All of this, I realize, is a cliche. Maybe it's just hormones and chemistry, the body evolving, doing it's thing. Maybe this is what happens when you turn 50, and you grasp that there are more years behind you than ahead of you. Knowing this doesn't stop the ache.

6 comments:

  1. First of all, congrats on the award! Would you tell me what issue it's in, or where to find it online so I can read it?

    I'm sad that you're feeling so down. Your son leaving for college is such a huge change in your life - you've had him around forever and then suddenly he's gone. I think it would be natural for all kinds of buried thoughts and feelings to surface at this time. Plus his leaving just emphasizes his growing up and all the years that have gone by. I think that sharing all this the way you do is very positive - brave too!

    I must agree with you that life is much more pleasant when mirrors can be avoided! My issue is - why didn't God make me pretty like my mother? Instead I look like my less-than-appealing father. Anyway for whatever it's worth, I've never considered you anything but beautiful...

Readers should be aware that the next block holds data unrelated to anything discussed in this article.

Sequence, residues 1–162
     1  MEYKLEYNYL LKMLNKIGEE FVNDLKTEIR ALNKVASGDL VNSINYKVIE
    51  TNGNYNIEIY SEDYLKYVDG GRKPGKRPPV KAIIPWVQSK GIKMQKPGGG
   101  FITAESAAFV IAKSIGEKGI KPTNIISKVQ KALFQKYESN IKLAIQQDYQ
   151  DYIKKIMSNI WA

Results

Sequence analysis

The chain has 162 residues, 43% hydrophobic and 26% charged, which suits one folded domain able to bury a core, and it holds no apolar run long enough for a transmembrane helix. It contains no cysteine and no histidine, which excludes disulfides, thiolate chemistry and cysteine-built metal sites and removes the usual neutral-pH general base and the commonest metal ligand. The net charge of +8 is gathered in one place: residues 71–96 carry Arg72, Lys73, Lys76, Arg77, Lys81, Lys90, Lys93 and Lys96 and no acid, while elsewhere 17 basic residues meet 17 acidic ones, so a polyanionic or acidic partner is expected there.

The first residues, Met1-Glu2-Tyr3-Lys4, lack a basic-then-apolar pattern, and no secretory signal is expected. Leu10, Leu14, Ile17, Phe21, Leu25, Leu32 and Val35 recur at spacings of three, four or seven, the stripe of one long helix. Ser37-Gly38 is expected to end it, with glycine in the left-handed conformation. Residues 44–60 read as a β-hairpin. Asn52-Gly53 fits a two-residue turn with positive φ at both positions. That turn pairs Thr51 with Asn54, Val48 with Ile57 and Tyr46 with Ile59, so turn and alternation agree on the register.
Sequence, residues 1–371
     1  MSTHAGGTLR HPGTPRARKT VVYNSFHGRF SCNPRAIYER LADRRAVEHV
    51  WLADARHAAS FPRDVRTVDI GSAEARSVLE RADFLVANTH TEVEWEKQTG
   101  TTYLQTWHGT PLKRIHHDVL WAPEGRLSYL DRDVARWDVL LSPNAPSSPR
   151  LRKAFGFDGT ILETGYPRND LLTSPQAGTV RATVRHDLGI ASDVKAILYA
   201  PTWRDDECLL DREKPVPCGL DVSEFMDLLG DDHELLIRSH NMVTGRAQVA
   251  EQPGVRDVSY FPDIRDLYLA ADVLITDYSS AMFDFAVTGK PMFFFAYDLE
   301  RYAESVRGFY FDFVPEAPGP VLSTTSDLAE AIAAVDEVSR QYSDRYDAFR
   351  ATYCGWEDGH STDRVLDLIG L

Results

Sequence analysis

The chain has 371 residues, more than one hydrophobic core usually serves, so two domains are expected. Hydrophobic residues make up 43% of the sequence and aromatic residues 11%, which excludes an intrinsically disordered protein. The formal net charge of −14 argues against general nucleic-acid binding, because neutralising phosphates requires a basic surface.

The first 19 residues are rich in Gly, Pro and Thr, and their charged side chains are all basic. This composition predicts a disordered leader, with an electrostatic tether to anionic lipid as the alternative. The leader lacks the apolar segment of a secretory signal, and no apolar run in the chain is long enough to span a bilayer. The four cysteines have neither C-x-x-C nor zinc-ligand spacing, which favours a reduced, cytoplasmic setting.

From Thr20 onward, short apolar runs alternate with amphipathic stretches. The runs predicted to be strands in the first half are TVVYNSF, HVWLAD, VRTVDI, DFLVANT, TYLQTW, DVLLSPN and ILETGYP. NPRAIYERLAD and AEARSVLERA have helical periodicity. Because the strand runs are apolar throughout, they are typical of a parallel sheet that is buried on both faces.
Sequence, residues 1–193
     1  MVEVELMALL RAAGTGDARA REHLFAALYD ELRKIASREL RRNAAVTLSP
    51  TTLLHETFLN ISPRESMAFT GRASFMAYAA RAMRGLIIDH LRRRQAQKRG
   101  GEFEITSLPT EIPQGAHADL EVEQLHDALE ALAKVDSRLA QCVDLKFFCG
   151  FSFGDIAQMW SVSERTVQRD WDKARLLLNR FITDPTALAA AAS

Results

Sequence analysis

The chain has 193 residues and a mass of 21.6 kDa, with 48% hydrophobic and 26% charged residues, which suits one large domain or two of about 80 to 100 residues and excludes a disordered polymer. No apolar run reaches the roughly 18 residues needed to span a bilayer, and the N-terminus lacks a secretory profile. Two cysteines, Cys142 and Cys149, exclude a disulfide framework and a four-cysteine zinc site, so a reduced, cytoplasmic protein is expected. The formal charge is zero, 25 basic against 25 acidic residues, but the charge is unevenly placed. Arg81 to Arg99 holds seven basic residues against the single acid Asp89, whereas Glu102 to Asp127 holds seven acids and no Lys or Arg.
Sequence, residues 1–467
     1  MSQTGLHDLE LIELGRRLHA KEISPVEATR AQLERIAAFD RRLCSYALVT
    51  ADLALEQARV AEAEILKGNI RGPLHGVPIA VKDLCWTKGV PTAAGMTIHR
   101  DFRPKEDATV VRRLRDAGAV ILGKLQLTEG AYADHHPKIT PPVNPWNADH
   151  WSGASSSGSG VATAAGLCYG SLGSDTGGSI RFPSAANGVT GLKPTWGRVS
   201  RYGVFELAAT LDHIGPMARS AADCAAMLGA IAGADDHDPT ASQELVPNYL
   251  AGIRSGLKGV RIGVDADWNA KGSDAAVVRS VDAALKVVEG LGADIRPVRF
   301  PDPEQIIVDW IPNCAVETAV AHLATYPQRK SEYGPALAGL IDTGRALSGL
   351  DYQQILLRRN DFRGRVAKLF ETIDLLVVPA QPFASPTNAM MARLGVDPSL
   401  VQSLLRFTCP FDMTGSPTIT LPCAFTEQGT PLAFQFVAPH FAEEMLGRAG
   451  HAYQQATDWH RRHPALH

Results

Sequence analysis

All of this too, shall pass

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  2. Deborah, thank you for the warmth and kinship in this. I love that we have reconnected in blog world! Yes, it passes...We just have to hunker down sometimes and let such feelings move right on through. Much love.

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  3. This post touched me in so many ways. Thank you for your honesty.

    The whole thing about appearance, age and weight: One day I realized that in 10 years I will look back at myself now and think - why didn't I appreciate my . . . lack of wrinkles? skinniness? youth? hair? legs? whatever? the way I do now about my 30's. So, when I hear that critical voice in my head - I switch into my older self mentality and think, "damn, you look good!"